"OK," I said. "I’m going to cross in front of your train now, so please don’t knock me over."
He laughed and waved.
I crossed over two tracks and followed a rough beaten path parallel to them. This is a dangerous stretch, where indigent people live in makeshift shelters under bushes, piles of rubble and waste banked along the way, and groups of men on the far side of the tracks were huddled together, smoking tik. I took out my phone to tell my WA group I’ve bailed from the train, and one of the tik smokers called out to me: "Hey sista, put that away!"
That’s when I realised the danger I’ve placed myself in, and I started walking a little faster. A number of men had jumped off the train too, but they were young and fit and jogged along the tracks at a fast clip. I also realised that I misjudged the distance to the station, and it seemed to be a good two kays. I heard running behind me, coming up fast, and stepped to the side. The man ran past, and I saw another man behind him, walking at a leisurely pace. I slowed down a bit until he drew level, then struck up a conversation, asking where he’s headed, and walking with him until we reached the station.
From there it was almost another kay up to Victoria Road, a busy double-lane carriage way gridlocked with buses, cars and taxis. I dodged the traffic and crossed to the middle man, where I hailed a passing taxi with 'Wynberg' displayed in its window, and I even scored the front seat. The driver was a middle-aged man who sang along to Dionne Warwick-like songs (‘Walk On By’), and after hearing my tale of woe commented that his signals are working – all of them.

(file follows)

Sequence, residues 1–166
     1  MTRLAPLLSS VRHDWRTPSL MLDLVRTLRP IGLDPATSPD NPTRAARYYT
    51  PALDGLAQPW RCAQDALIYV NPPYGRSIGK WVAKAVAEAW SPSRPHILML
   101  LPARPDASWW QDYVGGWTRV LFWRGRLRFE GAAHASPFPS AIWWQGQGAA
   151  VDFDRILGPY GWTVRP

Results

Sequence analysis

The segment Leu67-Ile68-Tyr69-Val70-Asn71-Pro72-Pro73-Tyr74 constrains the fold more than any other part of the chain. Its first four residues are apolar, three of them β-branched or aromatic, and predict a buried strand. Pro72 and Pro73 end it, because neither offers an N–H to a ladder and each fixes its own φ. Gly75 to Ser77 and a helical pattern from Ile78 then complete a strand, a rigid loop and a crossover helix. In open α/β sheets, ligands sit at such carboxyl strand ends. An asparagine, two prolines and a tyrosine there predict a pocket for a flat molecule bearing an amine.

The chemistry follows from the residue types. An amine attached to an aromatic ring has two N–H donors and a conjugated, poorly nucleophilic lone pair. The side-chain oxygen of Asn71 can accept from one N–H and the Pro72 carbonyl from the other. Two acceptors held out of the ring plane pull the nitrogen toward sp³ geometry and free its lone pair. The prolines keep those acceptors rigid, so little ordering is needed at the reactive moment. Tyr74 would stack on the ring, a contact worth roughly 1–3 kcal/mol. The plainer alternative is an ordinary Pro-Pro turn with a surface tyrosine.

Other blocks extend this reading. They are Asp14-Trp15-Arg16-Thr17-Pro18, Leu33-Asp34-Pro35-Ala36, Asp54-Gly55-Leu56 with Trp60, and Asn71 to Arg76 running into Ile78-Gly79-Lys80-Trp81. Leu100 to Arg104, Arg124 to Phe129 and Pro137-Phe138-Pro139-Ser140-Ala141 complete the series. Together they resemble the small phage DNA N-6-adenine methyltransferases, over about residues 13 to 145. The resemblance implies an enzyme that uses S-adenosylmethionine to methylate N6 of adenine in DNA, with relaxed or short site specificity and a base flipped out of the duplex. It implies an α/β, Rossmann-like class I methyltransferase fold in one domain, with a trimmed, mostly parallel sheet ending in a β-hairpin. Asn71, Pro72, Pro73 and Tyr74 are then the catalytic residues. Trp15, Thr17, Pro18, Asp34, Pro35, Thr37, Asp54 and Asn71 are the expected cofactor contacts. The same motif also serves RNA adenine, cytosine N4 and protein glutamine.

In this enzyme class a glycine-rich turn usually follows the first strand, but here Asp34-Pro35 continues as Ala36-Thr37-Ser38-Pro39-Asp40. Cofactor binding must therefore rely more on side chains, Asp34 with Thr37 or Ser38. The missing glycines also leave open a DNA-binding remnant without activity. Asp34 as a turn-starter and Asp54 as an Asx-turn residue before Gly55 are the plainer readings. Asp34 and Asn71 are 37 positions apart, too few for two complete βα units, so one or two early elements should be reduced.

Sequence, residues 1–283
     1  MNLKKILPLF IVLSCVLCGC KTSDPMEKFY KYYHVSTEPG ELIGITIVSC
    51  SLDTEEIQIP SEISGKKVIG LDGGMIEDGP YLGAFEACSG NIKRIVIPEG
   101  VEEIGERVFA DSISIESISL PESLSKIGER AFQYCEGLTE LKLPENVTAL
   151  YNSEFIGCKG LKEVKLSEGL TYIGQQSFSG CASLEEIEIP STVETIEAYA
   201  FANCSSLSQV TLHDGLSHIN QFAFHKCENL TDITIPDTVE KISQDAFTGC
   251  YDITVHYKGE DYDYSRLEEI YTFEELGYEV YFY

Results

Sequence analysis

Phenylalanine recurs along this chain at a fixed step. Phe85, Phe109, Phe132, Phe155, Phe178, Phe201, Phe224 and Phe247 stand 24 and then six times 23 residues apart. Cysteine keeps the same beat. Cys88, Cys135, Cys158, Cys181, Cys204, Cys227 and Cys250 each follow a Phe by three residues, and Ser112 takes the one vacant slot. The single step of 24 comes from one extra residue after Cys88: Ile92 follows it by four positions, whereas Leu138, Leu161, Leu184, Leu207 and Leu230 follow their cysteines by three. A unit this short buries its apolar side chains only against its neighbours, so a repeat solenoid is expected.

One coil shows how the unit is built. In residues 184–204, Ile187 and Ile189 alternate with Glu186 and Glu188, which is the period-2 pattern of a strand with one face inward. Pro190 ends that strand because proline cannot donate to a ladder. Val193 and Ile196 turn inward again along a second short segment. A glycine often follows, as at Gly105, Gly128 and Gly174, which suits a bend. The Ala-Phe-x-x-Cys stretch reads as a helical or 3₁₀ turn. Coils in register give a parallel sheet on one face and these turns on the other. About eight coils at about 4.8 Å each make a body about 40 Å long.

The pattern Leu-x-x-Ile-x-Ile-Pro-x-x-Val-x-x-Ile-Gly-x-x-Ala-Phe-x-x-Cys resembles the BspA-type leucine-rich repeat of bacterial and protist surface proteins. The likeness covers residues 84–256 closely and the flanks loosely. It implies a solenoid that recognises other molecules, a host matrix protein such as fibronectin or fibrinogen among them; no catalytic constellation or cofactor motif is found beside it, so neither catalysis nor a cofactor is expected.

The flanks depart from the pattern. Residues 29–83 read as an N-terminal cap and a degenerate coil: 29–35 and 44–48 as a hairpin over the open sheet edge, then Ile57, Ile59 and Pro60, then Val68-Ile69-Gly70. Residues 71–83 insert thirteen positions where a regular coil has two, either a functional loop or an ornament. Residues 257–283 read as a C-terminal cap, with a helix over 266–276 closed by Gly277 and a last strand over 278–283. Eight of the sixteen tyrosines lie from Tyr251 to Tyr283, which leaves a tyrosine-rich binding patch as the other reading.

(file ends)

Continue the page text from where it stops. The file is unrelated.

At a cost of R12, it took more than an hour to get to Wynberg in the traffic jam, despite our driver’s smart shortcuts and manoeuvres, from where I had to take another taxi to Fish Hoek, for R10. The gaartjie was a young girl, the driver maybe her father, and the vibes were gospel, with a rousing version of 'Khumbaya' and some reverend preaching over it, calling out the country’s leaders for the moral decay in South Africa.
I was finally home just after 19:00, more than three hours after I left the office – and from my WA group, which had been keeping up jokes and a running commentary about everyone’s various positions, I found out that I still beat the 0195 train to Fish Hoek. The morning commute took two hours – I bailed at Claremont, which took 90 minute to reach instead of the usual 40, and then taxied to town.